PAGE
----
United States metropolitan area

type of geographical region in the United States, utilized for statistical purposes

Metropolitan Statistical Areas (MSA) are large metropolitan areas of the United States as defined by the Office of Management and Budget. These areas are urban areas with a lot of people. An earlier version of the MSA was the "Standard Metropolitan Statistical Area" (SMSA). MSAs are used for official purposes. They are made up of counties and for some, county equivalents.

MSAs are created around a central urban area —an area with high population density. The counties within the urbanized area are known as the central counties of the MSA. Other nearby counties (known as outlying counties) can be a part of the MSA if these counties have strong social and economic connections to the central counties. Some areas within these outlying counties may actually be rural areas.

The population estimates for some metro areas are not always agreed upon. In some cases, different sources give numbers of people which differ by millions. The definitions used for the last U.S. Census differed from those for previous censuses. This makes it hard to compare official information from different dates. MSA boundaries do not stretch into Canada or Mexico. This can affect the number of people in several cities. For example, Detroit, Buffalo, El Paso and San Diego are often much larger than their MSA figures.

As of June 2003, there is now an additional classification, “Metropolitan Division.” The term metropolitan division is used for a county or group of counties that are a distinct employment area within a metropolitan statistical area that has at least 2.5 million people. A metropolitan division is a part of a larger metropolitan statistical area but it is often a distinct social, economic, and cultural area within the larger region.[1]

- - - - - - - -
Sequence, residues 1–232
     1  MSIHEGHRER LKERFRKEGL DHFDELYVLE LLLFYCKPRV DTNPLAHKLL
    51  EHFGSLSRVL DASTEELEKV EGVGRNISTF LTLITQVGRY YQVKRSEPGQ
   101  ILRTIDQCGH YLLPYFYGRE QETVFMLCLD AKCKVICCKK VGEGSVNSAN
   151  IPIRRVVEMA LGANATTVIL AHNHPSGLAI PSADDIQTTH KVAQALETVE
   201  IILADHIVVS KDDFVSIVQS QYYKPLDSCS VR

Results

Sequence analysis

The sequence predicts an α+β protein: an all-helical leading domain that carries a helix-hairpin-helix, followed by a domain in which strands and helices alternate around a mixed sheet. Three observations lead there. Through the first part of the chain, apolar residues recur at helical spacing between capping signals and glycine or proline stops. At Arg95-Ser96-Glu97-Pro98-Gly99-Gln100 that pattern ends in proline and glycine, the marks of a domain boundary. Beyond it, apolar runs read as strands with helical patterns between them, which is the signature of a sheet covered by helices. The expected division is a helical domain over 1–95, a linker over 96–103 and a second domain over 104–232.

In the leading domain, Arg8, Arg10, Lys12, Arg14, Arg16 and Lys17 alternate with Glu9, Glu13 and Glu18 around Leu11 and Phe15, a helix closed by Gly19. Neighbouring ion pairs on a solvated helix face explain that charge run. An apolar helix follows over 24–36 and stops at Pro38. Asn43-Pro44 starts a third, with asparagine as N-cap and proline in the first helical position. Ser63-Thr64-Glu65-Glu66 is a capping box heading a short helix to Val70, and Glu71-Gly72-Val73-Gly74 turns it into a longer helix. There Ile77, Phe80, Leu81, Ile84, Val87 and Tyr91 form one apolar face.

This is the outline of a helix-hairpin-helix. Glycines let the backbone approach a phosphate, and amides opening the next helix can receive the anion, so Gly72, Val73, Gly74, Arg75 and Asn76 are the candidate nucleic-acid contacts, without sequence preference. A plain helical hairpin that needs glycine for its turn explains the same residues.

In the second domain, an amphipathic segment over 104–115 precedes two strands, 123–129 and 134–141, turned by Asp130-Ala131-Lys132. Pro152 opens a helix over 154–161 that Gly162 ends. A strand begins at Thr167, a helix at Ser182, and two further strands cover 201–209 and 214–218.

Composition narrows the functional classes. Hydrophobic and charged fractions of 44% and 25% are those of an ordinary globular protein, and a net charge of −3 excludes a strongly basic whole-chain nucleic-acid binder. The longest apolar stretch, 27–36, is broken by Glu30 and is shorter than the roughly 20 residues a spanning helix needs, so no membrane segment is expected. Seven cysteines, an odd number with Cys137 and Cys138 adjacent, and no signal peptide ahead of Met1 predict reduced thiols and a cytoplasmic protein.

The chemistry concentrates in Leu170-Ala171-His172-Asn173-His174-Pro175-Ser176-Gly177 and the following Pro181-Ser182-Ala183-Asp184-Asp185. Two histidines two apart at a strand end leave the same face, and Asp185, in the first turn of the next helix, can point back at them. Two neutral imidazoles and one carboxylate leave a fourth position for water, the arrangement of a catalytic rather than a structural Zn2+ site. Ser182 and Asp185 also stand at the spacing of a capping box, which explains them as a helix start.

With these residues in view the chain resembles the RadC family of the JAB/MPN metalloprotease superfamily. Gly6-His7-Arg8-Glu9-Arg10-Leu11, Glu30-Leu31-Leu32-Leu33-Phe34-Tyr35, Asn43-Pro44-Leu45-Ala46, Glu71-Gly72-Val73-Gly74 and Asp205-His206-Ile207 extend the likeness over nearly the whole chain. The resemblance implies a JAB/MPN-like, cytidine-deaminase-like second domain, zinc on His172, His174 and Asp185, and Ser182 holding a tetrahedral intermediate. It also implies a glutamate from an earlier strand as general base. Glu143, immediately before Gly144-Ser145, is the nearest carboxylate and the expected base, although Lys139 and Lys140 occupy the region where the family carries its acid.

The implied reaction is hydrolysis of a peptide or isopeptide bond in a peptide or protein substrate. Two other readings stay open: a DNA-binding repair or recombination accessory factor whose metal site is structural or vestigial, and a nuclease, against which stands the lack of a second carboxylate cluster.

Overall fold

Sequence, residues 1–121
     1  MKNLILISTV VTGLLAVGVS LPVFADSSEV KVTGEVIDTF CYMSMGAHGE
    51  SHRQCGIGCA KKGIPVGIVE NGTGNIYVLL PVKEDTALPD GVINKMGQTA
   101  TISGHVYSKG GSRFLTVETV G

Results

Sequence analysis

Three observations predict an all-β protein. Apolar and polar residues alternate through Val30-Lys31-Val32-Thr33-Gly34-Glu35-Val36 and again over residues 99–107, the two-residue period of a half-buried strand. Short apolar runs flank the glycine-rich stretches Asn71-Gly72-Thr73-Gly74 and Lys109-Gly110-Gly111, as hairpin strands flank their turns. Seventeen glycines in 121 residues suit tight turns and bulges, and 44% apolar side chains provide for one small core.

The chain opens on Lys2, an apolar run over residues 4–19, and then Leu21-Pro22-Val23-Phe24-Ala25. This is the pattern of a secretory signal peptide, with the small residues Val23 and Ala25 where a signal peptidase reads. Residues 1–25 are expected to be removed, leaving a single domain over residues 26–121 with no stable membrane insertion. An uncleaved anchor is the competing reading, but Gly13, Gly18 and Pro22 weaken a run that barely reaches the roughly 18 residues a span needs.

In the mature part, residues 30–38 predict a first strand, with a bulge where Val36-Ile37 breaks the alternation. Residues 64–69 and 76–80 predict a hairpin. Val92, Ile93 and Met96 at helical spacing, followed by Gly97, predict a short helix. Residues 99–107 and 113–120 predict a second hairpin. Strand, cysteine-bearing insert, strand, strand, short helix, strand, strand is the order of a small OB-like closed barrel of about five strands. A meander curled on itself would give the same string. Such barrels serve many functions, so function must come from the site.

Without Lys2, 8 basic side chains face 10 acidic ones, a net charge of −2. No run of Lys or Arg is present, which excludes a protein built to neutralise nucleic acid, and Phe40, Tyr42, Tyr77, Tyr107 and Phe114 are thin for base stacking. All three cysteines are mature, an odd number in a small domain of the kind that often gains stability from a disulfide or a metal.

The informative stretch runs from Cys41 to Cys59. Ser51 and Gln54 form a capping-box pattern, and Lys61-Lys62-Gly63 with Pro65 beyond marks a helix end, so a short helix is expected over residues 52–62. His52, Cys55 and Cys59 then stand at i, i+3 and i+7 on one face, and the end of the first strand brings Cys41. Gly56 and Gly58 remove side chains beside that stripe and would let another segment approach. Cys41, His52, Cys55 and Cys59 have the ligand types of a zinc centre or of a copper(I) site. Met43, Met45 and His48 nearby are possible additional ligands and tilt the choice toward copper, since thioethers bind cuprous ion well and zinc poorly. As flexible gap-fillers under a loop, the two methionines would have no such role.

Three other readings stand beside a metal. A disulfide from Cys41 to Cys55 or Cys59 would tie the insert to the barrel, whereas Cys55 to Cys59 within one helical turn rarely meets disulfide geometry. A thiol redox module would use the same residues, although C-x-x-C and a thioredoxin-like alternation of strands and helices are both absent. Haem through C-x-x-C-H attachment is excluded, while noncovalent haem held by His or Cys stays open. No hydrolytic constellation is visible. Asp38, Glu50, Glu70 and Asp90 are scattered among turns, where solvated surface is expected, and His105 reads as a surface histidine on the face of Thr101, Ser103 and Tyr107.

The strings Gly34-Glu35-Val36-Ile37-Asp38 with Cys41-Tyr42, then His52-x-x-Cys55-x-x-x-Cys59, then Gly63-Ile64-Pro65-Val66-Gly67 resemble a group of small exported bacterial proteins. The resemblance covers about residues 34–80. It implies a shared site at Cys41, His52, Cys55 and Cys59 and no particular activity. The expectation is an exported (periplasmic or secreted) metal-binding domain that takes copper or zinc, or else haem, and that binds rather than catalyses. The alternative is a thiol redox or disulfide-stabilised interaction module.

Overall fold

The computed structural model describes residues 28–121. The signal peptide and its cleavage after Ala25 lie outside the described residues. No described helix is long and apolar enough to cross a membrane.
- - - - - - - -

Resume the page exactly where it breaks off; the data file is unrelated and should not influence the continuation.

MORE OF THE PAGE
List of metropolitan statistical areas


The following is a list of the 387 metropolitan statistical areas in the United States.[2] This list includes:

  1. The MSA rank by population as of July 1, 2023, as estimated by the United States Census Bureau
  2. The MSA name, given by the United States Office of Management and Budget[3]
  3. The MSA population as of July 1, 2023, as estimated by the United States Census Bureau[2]
  4. The MSA population as of April 1, 2020, counted by the 2020 United States census[2][a]
  5. The percent MSA population change from April 1, 2020, to July 1, 2023[2]
  6. The combined statistical area (CSA)[4] that includes this metropolitan area, if any.[1]

Notes and references

  1. These are the populations of the MSAs, as they were defined in 2023.
  1. 1.0 1.1 "OMB Bulletin No. 20-01: Revised Delineations of Metropolitan Statistical Areas, Micropolitan Statistical Areas, and Combined Statistical Areas, and Guidance on Uses of the Delineations of These Areas" (PDF). United States Office of Management and Budget. March 6, 2020. Archived (PDF) from the original on June 12, 2021. Retrieved April 24, 2020.
  2. 2.0 2.1 2.2 2.3 2.4 "Metropolitan and Micropolitan Statistical Areas Population Totals: 2020-2023". United States Census Bureau, Population Division. March 14, 2024. Retrieved March 15, 2024.
  3. "OMB Bulletin No. 23-01" (PDF). Office of Management and Budget. July 21, 2023. Archived (PDF) from the original on July 21, 2023. Retrieved April 7, 2024.
  4. A CSA (CSA) is a group of adjacent (touching) metropolitan or micropolitan areas. These areas are linked by economic connections, but they are linked less closely than the counties in an MSA.